Maybe your life also feels like a battlefield from time to time? In the hectic lives we lead, we can easily get stuck in the “survival” mode, and lose fun and meaning. A mindfulness retreat is a chance to step away from that battlefield, and recover and recharge with a new, more gentle and centered energy.


The wonderful thing is that this new energy often lasts a long time after the retreat, even if you step back into the hurricane. That’s maybe a question you have: “But what when I get back to my normal life? It can all be very nice to wind down and relax, but then I have to get back anyway. Won’t I lose everything again quickly?”

A mindfulness retreat is much more than a short moment of wellness. The paradox of mindfulness is that you slow down and relax by becoming more aware of, and allowing all the busyness inside you. By practicing these attitudes in a retreat, you strengthen them so you can use them more easily in your daily life as well.


It’s not because you’re at a mindfulness retreat that suddenly all the endless thinking, planning and worrying stops. On the contrary, it might even increase. So it’s certainly not all bliss in a mindfulness retreat. Sometimes, difficult stuff that has been around for a while might come to the surface.

Having participated in many retreats ourselves, we know that there are different difficulties you can encounter. So we build the retreat around them, and give instructions on how to deal with them. These common obstacles include sleepiness and tiredness, many distracting thoughts coming up, difficult emotions, or restlessness.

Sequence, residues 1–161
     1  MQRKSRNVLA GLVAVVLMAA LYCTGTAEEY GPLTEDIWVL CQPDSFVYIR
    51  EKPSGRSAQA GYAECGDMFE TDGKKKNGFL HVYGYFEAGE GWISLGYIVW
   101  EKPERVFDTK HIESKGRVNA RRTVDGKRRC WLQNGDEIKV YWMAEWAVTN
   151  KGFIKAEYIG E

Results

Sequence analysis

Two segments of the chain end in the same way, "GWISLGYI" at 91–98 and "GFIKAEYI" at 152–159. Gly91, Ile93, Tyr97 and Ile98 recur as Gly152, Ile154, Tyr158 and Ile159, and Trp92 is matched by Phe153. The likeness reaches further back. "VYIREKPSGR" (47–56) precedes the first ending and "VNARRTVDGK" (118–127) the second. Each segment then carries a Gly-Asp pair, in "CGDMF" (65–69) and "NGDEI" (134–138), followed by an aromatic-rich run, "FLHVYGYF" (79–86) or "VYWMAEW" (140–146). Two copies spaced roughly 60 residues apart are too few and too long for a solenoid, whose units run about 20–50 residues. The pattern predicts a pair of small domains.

These are also common obstacles in daily life, and a retreat is the right place to finally deal with it in a more helpful way. By giving them more space and treating yourself in a kind and friendly way, the knots created by these difficulties can more easily untangle. After a retreat, you often go home with new insights and ways to be kinder to yourself so stress doesn’t build up so much anymore.

Every day, there are moments in which you can share your experience with the others. This sharing helps to realise that you’re not alone, which already has a very calming effect.


After the introductions, we invite everyone to remain silent during the retreat. However, there are still moments in which you can share about your experience, either in the bigger group or individually with the trainer.

The silence in a retreat is often perceived as the most beneficial factor, even if it seems a bit scary at the start. When you stop speaking, there is much more time and space to connect with yourself again. The social pressure falls away and you get real “me-time”. At the end of a retreat, people are often sad that the silence is broken.



Click on the day or retreat of your choice for more information and registration.

Free e-book

Would you like to learn to step out of the stress mode and focus on what really matters?

In the free e-book, you will discover:

  • How stress actually works.
  • How you can recognise your own stress patterns.
  • Concrete mindfulness exercises and strategies for dealing with stressful situations and finding back a calm focus.